A wise man once said: have your wisdom teeth removed early, before things get out of hand and cause serious trouble for you. OK, a wise man didn’t say any of that. I just made that up and I’m no wise man. However, I’m speaking out of experience since I recently had my wisdom tooth removed and I don’t mean to scare you, but lets just say it didn’t go nice at all. And I’m sure if you mention wisdom teeth to any of your friends, family, or coworkers, they will all have some horrific… erm… not very pleasant story to share. My advice is to consult your dentist about early wisdom tooth removal because while the tooth is still healthy, it is much easier to pull it out in one piece (get it, one piece, cause of the picture from the anime, no? OK, never mind).
Anyway, my first wisdom tooth removal, my dentist explained some things and I did a little research myself. So, here is the deal with wisdom teeth. Just like the tonsils and appendix, wisdom teeth are a relic from our ancestor’s hunter-gatherer days, when they had much bigger jaws and ate food that required more chewing. But, today, in the jaws of the modern human, there is rarely room for wisdom teeth, also called third molars. Very often they grow crooked, even horizontally in some cases, or they barely break through the gum. Also, because they are way back in our mouth, it is very hard to reach them with a toothbrush or floss and clean them properly which often results in infections. Studies have shown that two thirds of people will eventually experience problems with their wisdom teeth such as infections, decay, cysts, and even damage adjacent molars. This means that even though your third molars aren’t bothering you, they still might be causing problems without you realizing it.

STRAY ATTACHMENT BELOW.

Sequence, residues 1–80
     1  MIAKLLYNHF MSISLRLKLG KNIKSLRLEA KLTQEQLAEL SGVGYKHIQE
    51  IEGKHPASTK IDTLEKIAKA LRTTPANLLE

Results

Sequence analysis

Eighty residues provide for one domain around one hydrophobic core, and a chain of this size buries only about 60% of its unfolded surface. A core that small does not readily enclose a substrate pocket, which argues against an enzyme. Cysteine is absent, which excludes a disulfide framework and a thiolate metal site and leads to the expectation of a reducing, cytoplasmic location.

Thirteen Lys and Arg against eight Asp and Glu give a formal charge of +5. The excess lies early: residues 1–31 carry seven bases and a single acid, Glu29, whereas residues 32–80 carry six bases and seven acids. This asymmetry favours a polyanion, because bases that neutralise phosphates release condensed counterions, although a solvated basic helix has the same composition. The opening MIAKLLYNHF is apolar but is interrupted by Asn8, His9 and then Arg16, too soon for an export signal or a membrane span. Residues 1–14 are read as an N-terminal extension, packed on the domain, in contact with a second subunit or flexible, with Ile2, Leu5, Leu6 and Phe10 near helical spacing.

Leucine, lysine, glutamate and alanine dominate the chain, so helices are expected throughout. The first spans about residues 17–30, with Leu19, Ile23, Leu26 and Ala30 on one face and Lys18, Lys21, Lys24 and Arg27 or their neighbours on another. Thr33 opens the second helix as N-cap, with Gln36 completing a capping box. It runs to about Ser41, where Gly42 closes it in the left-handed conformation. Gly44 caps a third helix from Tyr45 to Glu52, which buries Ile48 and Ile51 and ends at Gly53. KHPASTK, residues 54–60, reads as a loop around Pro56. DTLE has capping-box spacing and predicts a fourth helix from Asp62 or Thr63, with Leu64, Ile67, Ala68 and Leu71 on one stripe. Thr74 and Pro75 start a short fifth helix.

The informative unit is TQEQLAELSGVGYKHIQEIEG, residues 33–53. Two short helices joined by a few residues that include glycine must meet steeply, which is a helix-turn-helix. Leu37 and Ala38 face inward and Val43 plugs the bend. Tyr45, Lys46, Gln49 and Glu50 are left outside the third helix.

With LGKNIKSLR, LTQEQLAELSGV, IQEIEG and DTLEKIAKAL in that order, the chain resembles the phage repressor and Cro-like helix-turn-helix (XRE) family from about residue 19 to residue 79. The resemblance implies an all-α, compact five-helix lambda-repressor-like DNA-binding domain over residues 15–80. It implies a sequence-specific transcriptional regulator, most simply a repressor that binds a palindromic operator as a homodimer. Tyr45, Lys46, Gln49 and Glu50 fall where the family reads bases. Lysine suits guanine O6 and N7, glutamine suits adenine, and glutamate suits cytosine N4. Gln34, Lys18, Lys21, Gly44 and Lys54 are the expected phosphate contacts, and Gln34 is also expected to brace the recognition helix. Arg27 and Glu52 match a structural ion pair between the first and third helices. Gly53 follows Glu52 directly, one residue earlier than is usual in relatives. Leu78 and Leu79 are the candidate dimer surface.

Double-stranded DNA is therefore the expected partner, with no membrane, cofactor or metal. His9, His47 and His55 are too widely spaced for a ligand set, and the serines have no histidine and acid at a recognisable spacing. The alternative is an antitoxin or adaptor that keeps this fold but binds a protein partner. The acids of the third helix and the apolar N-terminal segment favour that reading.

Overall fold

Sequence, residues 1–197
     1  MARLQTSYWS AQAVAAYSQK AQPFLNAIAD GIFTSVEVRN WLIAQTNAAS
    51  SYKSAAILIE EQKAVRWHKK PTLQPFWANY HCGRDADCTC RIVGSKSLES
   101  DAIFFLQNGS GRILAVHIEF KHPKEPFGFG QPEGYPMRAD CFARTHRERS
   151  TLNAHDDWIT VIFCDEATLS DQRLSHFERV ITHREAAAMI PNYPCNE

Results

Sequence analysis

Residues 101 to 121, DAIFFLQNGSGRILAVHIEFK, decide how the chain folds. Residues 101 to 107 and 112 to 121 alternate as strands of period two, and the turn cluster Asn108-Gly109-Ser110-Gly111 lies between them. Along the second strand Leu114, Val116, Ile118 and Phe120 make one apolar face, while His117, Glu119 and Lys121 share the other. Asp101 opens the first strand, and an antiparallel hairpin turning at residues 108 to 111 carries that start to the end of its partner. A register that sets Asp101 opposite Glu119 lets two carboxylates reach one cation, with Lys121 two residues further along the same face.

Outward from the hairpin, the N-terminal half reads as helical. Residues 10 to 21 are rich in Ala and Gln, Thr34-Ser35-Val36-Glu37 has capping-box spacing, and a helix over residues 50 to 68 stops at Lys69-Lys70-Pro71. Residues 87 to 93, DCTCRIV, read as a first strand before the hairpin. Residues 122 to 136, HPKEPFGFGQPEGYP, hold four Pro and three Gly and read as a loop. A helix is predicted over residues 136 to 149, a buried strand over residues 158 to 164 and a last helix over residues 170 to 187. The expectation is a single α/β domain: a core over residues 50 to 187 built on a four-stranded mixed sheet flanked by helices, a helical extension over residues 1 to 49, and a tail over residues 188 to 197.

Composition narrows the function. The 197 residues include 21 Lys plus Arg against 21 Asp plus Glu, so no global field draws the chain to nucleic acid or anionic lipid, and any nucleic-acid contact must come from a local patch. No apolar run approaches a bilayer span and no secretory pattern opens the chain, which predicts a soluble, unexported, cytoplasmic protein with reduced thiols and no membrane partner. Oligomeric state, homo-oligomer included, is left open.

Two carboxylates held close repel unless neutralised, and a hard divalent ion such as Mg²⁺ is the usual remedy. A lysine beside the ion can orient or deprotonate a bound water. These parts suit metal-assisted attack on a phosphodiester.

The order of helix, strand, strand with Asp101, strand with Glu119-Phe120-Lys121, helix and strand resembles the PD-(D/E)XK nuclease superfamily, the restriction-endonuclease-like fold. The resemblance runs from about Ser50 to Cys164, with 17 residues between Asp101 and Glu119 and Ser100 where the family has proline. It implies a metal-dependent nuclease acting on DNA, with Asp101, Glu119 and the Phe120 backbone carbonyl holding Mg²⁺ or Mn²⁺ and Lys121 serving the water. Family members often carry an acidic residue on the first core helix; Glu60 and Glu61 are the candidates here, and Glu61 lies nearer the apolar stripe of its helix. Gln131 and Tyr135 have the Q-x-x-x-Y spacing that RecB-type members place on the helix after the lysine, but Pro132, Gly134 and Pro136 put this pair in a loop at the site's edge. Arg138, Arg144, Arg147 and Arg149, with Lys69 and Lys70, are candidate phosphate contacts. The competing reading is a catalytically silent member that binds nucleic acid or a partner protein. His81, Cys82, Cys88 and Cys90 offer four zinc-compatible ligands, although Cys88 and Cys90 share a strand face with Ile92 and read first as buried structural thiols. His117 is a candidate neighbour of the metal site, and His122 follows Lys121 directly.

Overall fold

Of course, every person is unique and it is best to consult your dentist and have your wisdom teeth scanned with an OPG X-ray. This way your dentist will know exactly what their current condition is and what they are up to.
Wisdom teeth fall into three common categories:
- Fully erupted – which are generally okay to keep and can function normally, however, cleaning them is still difficult.
- Un-erupted – when they haven’t made their way into the mouth. These can be normally left alone, but it is important to monitor them frequently just in case.
- Impacted – these are the most troublesome wisdom teeth. Due to insufficient space or poor angulation, these teeth became stuck and pose a high risk of infection and often have to be removed.
Symptoms that may mean that there’s something wrong with your wisdom teeth include: pain in the back of the jaw, swelling, limited mouth opening, persistent bad breath, or even fevers. Wisdom teeth removal can be done with a local anesthetic while you are awake or with the help of a mild sedative. Whatever the case may be, your dentist will advise you on how to best deal with them.